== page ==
Celiac in the News

Celiac Disease Article In The New York Times

6 Comments 12 October 2008

The title of this article didn’t mention celiac disease by name, but maybe that intrigued people.  A Debilitating Disease That Is Often Unknown focused on two extreme athletes that despite intense training had less than stellar performances. Celiac disease turned out to be the culprit behind their physical limitations and the gluten-free diet helped them to not only heal, but reach their goals.

(If Mimi Winsberg’s name sounds familiar to you, it may be because she has been mentioned on CeliacChicks before.)

In my opinion, this article was excellent because it may have caught the attention of people that may not have read about celiac disease if it were in the title of the article, and the nearly bionic people featured may have helped to dispute any preconceived notions others may have that we are a just a bunch of hypochondriac’s or alternative diet junkies. If anything, I’m wondering if people who are athletic in any way, may start a gluten-free diet to see if it helps with their performance. Hopefully, a few will be diagnosed along the way.

What did you think about this article?

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6 Comments so far

  1. 1
     
    Marcie says:

    I agree. It is a very nice article. I was diagnosed about 5 years ago, but am convinced that I’ve had it all my life. The part that I find frustrating is that I know several people with symptoms of celiac disease. But, they refuse to be tested. Awareness has increased over the past few years. Hopefully it will increase even more.

  2. 2
     
    Karen says:

    I think it is wonderful that someone is getting the word out to people who may have never heard of it before.

  3. 3
     
    Dawn says:

    That’s an interesting way to look at the disease, and definitely shows it differently than focusing on people who have “always been sickly.” I don’t know if I feel stronger, per se (I also don’t workout like they would be) but I have a lot less muscle pain after dance classes now. It used to be really painful to recoup after a class (I was very weak from ankle surgeries) and since being GF, I would just call it normal stiffness.

  4. 4
     
    TJ says:

    Wow! That is a great article! My symptom as anemia so I love seeing that listed as a symptom. And infertility is also important since most fertility ‘specialists’ don’t even know what Celiac is, much less how to test for it.

    I agree with Marcie that it’s so frustrating that people with typical symptoms won’t get tested. Even my own sister won’t test her 5 and 7 year olds and they have an Aunt and Grandmother with Celiac. Dr. Green says that first generation relatives WITHOUT symptoms should be tested about every three years.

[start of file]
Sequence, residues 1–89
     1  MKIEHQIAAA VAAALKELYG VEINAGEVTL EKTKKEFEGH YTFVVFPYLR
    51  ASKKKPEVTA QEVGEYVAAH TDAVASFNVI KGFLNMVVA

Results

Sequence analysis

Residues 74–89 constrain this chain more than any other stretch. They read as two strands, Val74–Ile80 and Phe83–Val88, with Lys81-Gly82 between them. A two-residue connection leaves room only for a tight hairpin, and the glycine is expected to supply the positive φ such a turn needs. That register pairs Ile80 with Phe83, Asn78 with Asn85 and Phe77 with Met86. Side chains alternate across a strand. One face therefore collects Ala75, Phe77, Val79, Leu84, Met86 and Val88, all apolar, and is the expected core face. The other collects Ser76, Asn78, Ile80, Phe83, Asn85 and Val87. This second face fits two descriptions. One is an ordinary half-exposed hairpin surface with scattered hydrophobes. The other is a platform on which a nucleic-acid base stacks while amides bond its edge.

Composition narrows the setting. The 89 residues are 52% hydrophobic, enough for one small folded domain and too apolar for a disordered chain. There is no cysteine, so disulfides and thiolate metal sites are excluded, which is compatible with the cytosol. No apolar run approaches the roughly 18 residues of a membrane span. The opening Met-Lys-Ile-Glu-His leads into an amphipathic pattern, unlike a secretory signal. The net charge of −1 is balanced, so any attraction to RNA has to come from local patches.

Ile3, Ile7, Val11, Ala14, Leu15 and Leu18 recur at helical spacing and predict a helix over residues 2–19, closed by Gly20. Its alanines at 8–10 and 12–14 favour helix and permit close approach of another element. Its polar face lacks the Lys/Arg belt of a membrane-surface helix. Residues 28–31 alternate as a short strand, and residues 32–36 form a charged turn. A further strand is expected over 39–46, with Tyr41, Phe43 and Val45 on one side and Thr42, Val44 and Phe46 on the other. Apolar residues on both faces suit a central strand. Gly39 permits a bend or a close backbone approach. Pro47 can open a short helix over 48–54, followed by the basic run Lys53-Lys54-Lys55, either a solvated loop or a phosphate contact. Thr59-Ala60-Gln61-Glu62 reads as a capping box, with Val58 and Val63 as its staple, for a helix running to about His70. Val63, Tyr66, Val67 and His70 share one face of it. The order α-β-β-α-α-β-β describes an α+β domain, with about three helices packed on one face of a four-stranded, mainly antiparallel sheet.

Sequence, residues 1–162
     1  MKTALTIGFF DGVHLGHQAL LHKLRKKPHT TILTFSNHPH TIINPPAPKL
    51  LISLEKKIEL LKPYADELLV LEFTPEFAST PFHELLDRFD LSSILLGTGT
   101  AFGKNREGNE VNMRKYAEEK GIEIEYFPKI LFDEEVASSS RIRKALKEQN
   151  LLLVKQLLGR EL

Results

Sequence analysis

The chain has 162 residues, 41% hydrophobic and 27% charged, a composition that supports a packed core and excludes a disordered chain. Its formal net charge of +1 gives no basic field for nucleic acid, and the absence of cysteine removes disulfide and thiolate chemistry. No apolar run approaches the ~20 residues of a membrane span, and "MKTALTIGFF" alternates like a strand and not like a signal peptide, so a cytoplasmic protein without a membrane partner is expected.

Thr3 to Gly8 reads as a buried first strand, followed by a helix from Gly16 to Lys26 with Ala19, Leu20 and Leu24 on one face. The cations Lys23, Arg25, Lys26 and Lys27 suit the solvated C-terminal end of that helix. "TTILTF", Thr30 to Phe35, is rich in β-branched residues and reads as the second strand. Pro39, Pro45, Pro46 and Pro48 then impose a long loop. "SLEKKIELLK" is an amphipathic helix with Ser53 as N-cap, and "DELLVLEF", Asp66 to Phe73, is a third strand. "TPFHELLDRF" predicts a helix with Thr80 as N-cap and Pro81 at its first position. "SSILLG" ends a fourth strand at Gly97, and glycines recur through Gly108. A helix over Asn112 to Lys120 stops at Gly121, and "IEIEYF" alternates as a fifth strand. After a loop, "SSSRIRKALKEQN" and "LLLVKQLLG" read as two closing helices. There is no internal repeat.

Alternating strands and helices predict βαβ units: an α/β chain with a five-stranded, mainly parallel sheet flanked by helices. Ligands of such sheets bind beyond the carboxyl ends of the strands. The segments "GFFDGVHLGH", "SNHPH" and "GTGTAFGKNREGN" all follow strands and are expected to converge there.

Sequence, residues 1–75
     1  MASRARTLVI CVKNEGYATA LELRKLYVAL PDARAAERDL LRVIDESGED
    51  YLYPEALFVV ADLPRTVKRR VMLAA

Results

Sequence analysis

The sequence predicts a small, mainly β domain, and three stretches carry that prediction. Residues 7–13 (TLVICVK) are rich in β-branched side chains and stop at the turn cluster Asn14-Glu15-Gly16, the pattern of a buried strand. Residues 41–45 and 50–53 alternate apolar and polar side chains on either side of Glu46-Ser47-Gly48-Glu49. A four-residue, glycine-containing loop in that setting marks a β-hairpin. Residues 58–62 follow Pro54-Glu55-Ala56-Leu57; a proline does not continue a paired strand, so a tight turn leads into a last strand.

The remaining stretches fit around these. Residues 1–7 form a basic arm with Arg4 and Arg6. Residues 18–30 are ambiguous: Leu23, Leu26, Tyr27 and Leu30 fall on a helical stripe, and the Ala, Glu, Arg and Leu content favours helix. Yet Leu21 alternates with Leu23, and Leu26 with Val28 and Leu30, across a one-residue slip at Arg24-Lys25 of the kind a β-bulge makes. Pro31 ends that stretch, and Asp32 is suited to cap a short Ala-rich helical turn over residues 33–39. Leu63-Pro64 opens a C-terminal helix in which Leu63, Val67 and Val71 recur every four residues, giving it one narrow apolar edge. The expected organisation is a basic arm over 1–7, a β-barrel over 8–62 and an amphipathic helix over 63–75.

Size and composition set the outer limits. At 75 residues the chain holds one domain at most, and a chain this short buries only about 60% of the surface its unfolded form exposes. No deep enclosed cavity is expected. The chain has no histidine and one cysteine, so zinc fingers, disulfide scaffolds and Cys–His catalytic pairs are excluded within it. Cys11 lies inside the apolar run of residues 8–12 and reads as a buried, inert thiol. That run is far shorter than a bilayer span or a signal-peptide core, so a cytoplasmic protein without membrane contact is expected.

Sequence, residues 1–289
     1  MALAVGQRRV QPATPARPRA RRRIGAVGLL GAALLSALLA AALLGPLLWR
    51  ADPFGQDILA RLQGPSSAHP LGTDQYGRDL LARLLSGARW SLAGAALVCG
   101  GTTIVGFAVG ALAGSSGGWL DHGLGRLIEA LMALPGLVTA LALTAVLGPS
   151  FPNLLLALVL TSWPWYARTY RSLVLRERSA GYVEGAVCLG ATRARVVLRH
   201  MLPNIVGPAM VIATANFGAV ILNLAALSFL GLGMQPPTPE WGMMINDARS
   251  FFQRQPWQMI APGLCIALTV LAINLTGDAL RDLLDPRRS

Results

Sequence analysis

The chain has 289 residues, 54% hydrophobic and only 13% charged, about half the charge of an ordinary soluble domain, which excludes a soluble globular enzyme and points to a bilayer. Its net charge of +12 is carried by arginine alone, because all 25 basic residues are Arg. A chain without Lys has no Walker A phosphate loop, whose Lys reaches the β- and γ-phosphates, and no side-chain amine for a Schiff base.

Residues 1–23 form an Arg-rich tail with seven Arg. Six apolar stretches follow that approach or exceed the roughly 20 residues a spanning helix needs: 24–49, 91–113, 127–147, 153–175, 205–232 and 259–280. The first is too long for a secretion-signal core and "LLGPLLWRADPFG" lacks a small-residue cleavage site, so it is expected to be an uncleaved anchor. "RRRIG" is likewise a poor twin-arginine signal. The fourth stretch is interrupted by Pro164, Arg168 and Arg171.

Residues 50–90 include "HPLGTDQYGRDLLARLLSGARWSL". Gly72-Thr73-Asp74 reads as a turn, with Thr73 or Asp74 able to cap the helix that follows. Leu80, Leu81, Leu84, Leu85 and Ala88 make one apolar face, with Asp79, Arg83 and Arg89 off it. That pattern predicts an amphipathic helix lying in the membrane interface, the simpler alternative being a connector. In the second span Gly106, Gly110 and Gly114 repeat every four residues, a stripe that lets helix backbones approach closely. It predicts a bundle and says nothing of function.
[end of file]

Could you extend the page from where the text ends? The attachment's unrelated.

5. 5
     
    Janet Oliver says:

    I think it’s frightening to read that today’s doctors still have so little understanding of celiac disease. That they still think a child could grow out of it, or that an adult couldn’t possibly have it, if it wasn’t diagnosed in childhood, is staggering. How many horror stories of mis-diagnosis will it take before doctors take the disease seriously? I know of a man who was in his eighties and dying of prostate cancer when he was diagnosed. This is ultimately a disease of mal-nutrition. It kills if left untreated. Which brings me to the positive aspect of the article – the wasting- away symptoms described by the atheletes. No amount of pro-biotic filled yogurts (currently being touted as a “cure” for IBS, but what is likely undiagnosed celiac disease, or iron tablets (I was prescribed those, too) will fill the nutritional void left by the ravages of CD.

  6. 6
     

    Kelly — this is my thing for very personal reasons (long story). Helping people get diagnosed properly and also helping them to realize their potential. You do not have to be a victim of celiac disease. Our only limits are the ones we place on ourselves. I used to live in NM, where Dave Hahn lives when he is not guiding Everest climbs, Denali, Vinson Massif (highest peak in Antarctica). He’s on the ski patrol there. Once he figured out his “health” problems, having celiac is not a road-block to his extreme passion. Of course, as he says, it helps to be hanging out in the rice bowl of the world so much of the time (the Himalayas). But, this is what is important for people to understand — with the right lifestyle changes, nutrition, and movement (exercise), we can be incredibly healthy and full of vitality. Strong bones, strong blood, all that good stuff. I’m off this morning to Omaha and the National CSA Conference and Dietitian Day. I am on a mission to start pushing some other forms of therapy with this whole thing. I want to shake up the celiac community a little bit. 🙂 Let’s not worry so much about where the next GF donut is coming from and start on a path of greater strength and vitality. Lots of ways to do that. I’ll keep you posted. And Kelly, thanks for your support. I do appreciate it. We’re all in this together!
    Onward…
    P.S. Now finding the next piece of high quality GF chocolate, that’s a different story.
    In good health,
    Melissa


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Kelly Courson

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Thanks for stopping by! I'm Kelly Courson and this is where I've shared my gluten-free finds since 2003. The world has been my gluten-free oyster for 14 years now and I love sharing what I've learned in order to help others adapt to a gluten-free diet. Have a look around and feel free to leave a comment. Connecting with people like you is what has kept me going this long! Seriously.
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